• As the building is enclosed it provides occupants with privacy
  • Noise is obstructed creating disturbance-free interiors
  • The enclosed environment provides security to the occupants


Over the years versatility and style of designing a building have evolved in terms of shape, size, functions, materials as people are experimenting and coming out with new approaches and ideas. 

  • Aqueducts and Viaducts: Aqueducts are constructed to carry water from one point to another. This is the channel where the endpoints are significantly at distances where the water is carried through an elevated masonry or brick structure. This channel resembles a bridge with arches which is often transferred through tunnels or an underground system. Overtime material and design of aqueducts have evolved and in recent times they are constructed both underground and overground using pipes, canals, tunnels, ditches, etc. Viaducts on the other hand support railway or road. These have a similar design to an aqueduct, bridge supported by arches, columns, or piers. Viaducts are primarily constructed to eliminate an obstruction like a valley, river, etc. where the endpoints are on either side of the obstruction. Though viaducts are similar to bridges the major difference between them is that viaducts are huge and comparatively bigger structures in terms of their size, width, or even height.
  • Bridges: Bridges connect two points on either side of an obstacle like a river, valley, road, railway, etc. These are spanning structures that are a common attribute of construction seen everywhere. Attributes that assist in bridge designs are spanning of the element, shape, materials that are used, type of support, function, budget, etc. Bridges are further classified into three major categories namely, beam, arch, and suspension bridges.
  • Canals: Canals are constructed to supply water or to aid water transport vehicles. There are multiple methods to construct canals, for instance, the body of the canal is excavated and external sources such as streams provide the water source. The water stream is channelized by making a navigational path making it easier to flow, these are canals.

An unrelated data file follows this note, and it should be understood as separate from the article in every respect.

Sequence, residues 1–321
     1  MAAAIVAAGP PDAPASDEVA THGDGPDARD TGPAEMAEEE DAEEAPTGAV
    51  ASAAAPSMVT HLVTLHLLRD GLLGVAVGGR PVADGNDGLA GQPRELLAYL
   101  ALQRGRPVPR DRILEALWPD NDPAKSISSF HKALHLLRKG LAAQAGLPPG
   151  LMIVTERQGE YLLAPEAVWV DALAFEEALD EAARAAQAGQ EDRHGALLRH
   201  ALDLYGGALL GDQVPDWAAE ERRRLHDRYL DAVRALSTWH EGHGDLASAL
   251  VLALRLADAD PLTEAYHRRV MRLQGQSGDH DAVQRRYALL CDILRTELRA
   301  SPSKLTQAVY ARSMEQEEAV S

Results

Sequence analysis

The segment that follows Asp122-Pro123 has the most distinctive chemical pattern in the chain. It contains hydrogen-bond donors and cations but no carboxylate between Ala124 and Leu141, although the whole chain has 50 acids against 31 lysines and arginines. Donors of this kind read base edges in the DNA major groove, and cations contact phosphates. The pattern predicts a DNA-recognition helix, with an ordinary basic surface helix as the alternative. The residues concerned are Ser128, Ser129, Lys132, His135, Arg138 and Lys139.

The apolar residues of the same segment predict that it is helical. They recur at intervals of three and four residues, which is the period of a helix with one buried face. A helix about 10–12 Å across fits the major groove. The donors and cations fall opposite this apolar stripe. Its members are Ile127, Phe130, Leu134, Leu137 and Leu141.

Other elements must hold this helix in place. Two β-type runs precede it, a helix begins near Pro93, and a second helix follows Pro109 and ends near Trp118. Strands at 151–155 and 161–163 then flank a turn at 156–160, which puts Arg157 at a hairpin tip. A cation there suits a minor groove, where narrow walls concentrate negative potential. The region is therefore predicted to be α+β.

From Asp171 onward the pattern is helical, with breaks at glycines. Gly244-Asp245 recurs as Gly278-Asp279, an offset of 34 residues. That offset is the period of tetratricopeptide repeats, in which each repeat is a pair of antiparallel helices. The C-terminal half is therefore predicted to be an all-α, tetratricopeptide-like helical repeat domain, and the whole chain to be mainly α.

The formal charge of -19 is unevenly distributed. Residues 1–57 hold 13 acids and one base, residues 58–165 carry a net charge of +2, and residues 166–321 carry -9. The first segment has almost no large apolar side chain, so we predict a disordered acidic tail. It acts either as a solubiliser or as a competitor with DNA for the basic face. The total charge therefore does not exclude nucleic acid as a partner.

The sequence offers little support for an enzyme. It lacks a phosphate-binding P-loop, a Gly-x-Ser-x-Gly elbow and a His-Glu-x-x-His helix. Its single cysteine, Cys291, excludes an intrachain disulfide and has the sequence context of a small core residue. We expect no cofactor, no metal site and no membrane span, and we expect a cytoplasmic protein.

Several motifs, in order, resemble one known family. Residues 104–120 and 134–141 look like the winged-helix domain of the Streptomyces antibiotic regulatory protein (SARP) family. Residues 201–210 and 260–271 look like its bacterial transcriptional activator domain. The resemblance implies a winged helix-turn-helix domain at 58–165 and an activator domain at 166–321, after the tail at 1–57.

• Cooling Towers and Chimney: Cooling towers help in cooling the interiors of the building during warm weather, this is often known as comfort cooling. There are various methods to do so, for instance, evaporative cooling where water evaporates by absorbing the heat energy and making a change in the interior. Another method is by using direct evaporative cooling that can be done by using a heat exchanger that sprays water over the coils of the chiller that cool the environment. On the other hand, a chimney is also a tower structure but is made up of walls creating a flue that helps in eliminating unwanted gas. These are constructed by using brick, metal, concrete, etc. It is a passage that transfers the fumes to the outside air.
  • Dams: Dams are obstacles that are constructed to resist the flow of water in a river and store in a lake or reservoir. These are constructed using natural materials, concrete, etc. There are various reasons for constructing these dams few being that, the reservoir that is created by them helps in storing rainwater which is later filtered and used. Another benefit of building a dam is that the stored water can be used to generate hydroelectric power that is directed to producing electricity. Dams also help in controlling the water flow in the river and preventing floods and the stored water can be used for irrigation during the shortage of water solving a major issue in today’s time of global warming.
  • Railways: Railways have changed the transportation infrastructure marking the end of the canal era as trains are able to carry much more load and thus more number of people are able to travel. Trains run on tracks that are permanent, horizontal structures that aid with a surface for the train wheels to roll upon. These are classified into three major types namely, traditional tracks, ballast-less tracks, and the continuous longitudinally-supported tracks. Railways have evolved structurally over the years making them even more efficient and economical.
  • Road: Roads have developed a lot from ever since they were made in terms of construction method, materials, durability, efficiency, etc. Initially, road structure was made of stone and timber, now modern roads are constructed using asphalt and/or concrete. There are three broad processes that elaborate roads viz, setting out, earthworks, and paving construction. After setting out i.e. following the dimensions for the road, a profile of board is placed to define the final level of the road, excavation, etc. Following this earthwork is completed that involves eliminating the unwanted i.e. topsoil, vegetation, etc. to clear the area. Finally paving construction of the road structure is done after burying the drainage and installing all the underground services. Paving can be rigid or flexible and includes final surfacing and finishing.
  • Retaining Walls: As the name suggests retaining walls are structures that are constructed to retain or restrict materials on one side of it thus, prohibiting it from collapsing and preventing the material from erosion. These wall structures are vertical or near-vertical depending upon the desired design or requirement. The chief attribute of it is to be able to resist the pressure loaded on it by the material it retains which is mostly soil and prevent it from collapsing. Retaining walls are constructed to support terrain where the angle of the soil exceeds the limit and can collapse, they are also used as functional or decorative elements in landscaping. These can either be part of a building or are often constructed as an independent structure. Retaining walls are widely used in parking as well.